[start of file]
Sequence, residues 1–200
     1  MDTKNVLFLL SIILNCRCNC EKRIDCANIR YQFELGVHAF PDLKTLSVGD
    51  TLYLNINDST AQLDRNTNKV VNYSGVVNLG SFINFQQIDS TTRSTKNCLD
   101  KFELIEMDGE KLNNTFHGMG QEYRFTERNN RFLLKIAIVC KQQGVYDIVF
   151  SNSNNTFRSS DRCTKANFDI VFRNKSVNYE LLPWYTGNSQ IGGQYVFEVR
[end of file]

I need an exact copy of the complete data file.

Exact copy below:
Sequence, residues 1–200
     1  MDTKNVLFLL SIILNCRCNC EKRIDCANIR YQFELGVHAF PDLKTLSVGD
    51  TLYLNINDST AQLDRNTNKV VNYSGVVNLG SFINFQQIDS TTRSTKNCLD
   101  KFELIEMDGE KLNNTFHGMG QEYRFTERNN RFLLKIAIVC KQQGVYDIVF
   151  SNSNNTFRSS DRCTKANFDI VFRNKSVNYE LLPWYTGNSQ IGGQYVFEVR